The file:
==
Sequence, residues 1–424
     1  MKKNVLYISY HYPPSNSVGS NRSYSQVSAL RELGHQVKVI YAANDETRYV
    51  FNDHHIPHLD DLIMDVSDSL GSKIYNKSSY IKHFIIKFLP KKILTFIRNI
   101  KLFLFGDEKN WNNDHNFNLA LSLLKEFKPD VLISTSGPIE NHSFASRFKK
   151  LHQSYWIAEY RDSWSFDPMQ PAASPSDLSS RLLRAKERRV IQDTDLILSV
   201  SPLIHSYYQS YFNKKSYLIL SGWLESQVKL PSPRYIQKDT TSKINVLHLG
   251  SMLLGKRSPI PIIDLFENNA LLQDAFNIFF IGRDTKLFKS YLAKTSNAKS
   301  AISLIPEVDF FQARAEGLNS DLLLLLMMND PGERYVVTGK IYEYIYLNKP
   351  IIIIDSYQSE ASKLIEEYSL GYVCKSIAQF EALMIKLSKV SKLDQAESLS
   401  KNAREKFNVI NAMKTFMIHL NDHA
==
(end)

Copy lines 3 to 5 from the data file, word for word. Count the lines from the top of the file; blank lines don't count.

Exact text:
    51  FNDHHIPHLD DLIMDVSDSL GSKIYNKSSY IKHFIIKFLP KKILTFIRNI
   101  KLFLFGDEKN WNNDHNFNLA LSLLKEFKPD VLISTSGPIE NHSFASRFKK
   151  LHQSYWIAEY RDSWSFDPMQ PAASPSDLSS RLLRAKERRV IQDTDLILSV